Into Practice

Into Practice, a biweekly communication distributed to active instructors during the academic year, was inspired by a successful 2012 HILT grant project. The e-letter highlights the pedagogical practices of individual faculty members from across schools and delivers timely, evidence-based teaching advice, contributing to and strengthening a University-wide community of practice around teaching.

See the most recent issues below, or filter at left through all published content.

Pushing students to confront limits by transforming the abstract to physical form


Megan Panzano, Into Practice HeadshotIn her Transformations course, Assistant Professor of Architecture Megan Panzano uses architectural design methods and concepts, and a workshop approach for giving feedback, to engage undergraduates from a wide range of concentrations. When students translate abstract ideas into physical form through a variety of materials and fabrication techniques (see photos below), they confront limits, question assumptions, and expand their problem-solving capacity.

The benefits: “Creating a visual or physical manifestation of an idea” helps students’ thought patterns become less rigid.... Read more about Pushing students to confront limits by transforming the abstract to physical form

Using faculty videos in required courses to engage students at all levels


Pinar DoganLike many instructors of required courses, Pinar Dogan, Lecturer in Public Policy and SLATE Faculty Liaison for Pedagogy, teaches her section of Markets and Market Failure to students with significantly divergent levels of prior knowledge of microeconomics. Seeking a way for students “to end up at the same place even though they started at very different places,” Dogan partnered with SLATE to develop videos of Harvard Kennedy School (HKS) faculty experts explaining the relevance of math-intensive or potentially dry concepts (e.g., fixed costs or price elasticity) to public policy. 

The benefits: Because the videos show how concepts... Read more about Using faculty videos in required courses to engage students at all levels

Understanding culture through material artifacts


Yukio LippitStudents in Japanese art and architecture courses taught by Yukio Lippit, Professor of History of Art and Architecture, often encounter cultures quite different from their own.  Lippit immerses them in those cultures through deep engagement with material artifacts, by examining roof tiles or carpentry, visiting the Japanese house at the Boston Children’s Museum, or participating in a tea ceremony.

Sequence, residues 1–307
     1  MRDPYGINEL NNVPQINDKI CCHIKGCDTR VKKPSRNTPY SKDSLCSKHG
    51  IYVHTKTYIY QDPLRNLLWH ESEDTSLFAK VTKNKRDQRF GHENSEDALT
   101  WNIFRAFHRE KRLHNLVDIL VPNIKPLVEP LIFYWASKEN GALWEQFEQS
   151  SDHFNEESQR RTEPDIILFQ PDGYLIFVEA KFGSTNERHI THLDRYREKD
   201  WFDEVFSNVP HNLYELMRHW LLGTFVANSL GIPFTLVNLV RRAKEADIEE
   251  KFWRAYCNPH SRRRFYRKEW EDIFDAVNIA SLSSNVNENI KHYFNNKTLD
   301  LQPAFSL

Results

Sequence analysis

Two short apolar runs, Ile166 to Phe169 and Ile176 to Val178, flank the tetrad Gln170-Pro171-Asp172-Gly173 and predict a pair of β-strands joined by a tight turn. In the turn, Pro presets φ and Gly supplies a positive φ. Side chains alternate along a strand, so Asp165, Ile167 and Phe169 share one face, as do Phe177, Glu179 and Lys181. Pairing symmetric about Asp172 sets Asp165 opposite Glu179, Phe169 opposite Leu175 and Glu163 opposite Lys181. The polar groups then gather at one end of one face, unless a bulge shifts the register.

The benefits: For Lippit, objects unlock the “syntax of cultural practices” in ways that other forms of study cannot; they manifest “modes of meaning in the world, dispositions of thought and comportment.” Focusing on objects also equalizes participation:... Read more about Understanding culture through material artifacts

Moving from passive learning to active exploration of the physical world


Scott EdwardsScott Edwards, Professor of Organismic and Evolutionary Biology and Curator of Ornithology in the Museum of Comparative Zoology (MCZ)makes extensive use of the museum’s ornithology collections in his courses and brings specimens into his lecture sessions to engage students in close analysis during weekly three-hour labs. Edwards models “ways of making meaning” by looking to specimens as key evidence for testing claims and theories.

The benefits: Student engagement increases through the immediacy and level of detailed observation that comes from holding actual specimens. Edwards claims ... Read more about Moving from passive learning to active exploration of the physical world

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